It’s obvious that the World Trade Center/Pentagon terrorist attacks have reinforced the importance of IT disaster recovery strategies. The continued functioning of the nation’s financial markets in the foreseeable future will depend in large part on back capacity many miles from the twisted wreckage. Disaster recovery and hot site strategies have been established operating procedure for the Global 250 for years.
But disaster recovery is not just for large companies-although until now, many small-midsize firms never thought they could afford it. But, with virtualization of the economy, impacting sectors as diverse as automotives, electronics, healthcare, and financial services, the old adage of a chain only being as storing as its weakest link becomes more relevant than ever. Today, small-midsize companies, who are closely tied to the operations of their trading partners, may not afford disaster recovery-but they can no longer not afford it either. Fortuitously, the emergence of Internet-based backup services, and on the horizon, IP storage networks, makes the choice easier.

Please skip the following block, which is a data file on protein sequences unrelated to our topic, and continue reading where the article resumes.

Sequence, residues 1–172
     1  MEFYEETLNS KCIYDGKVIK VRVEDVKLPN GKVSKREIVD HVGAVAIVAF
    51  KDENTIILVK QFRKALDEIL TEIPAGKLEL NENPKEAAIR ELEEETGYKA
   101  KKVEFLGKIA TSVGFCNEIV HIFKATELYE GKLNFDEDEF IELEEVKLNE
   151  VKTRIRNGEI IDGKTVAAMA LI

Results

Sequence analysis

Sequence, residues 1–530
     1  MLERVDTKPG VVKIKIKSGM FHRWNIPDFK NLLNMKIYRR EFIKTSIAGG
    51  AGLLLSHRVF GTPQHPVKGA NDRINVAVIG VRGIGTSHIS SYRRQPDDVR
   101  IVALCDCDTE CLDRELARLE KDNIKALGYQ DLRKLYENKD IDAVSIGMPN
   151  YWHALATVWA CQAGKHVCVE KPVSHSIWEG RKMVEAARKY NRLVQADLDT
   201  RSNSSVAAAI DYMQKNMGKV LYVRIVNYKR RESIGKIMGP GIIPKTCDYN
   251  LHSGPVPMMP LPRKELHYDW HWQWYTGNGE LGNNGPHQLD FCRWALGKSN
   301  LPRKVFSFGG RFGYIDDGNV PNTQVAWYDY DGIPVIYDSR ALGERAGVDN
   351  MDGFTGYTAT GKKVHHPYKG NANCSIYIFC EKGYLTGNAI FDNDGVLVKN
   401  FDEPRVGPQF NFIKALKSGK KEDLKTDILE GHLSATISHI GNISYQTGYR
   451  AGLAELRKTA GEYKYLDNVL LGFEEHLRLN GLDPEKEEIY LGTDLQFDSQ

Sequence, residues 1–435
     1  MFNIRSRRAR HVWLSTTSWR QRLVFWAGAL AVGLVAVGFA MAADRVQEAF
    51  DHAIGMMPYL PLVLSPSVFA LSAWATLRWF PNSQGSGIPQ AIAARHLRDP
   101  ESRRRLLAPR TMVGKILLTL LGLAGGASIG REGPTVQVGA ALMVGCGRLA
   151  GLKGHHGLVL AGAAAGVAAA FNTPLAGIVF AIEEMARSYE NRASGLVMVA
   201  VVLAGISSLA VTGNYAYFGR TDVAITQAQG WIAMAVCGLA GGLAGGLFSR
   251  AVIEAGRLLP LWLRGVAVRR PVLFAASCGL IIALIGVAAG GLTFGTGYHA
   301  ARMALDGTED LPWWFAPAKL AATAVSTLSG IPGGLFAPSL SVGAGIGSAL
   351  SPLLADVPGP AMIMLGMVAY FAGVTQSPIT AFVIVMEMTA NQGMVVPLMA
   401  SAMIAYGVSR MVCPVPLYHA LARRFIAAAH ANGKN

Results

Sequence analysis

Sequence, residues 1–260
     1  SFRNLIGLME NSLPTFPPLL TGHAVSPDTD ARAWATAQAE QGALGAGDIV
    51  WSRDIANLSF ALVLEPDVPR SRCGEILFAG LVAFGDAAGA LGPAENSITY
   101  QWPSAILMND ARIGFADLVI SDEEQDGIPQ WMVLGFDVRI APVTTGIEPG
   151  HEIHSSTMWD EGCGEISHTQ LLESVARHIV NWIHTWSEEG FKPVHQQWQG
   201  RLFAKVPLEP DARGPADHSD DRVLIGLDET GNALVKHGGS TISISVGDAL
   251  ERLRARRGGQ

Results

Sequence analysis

And we’re wondering about one other possible byproduct of yesterday’s events. Now that the high-tech industry is no longer the place to play “Who Wants to be a Millionaire,” could the CIA once more become an attractive career path for the nation’s best and brightest, and should it?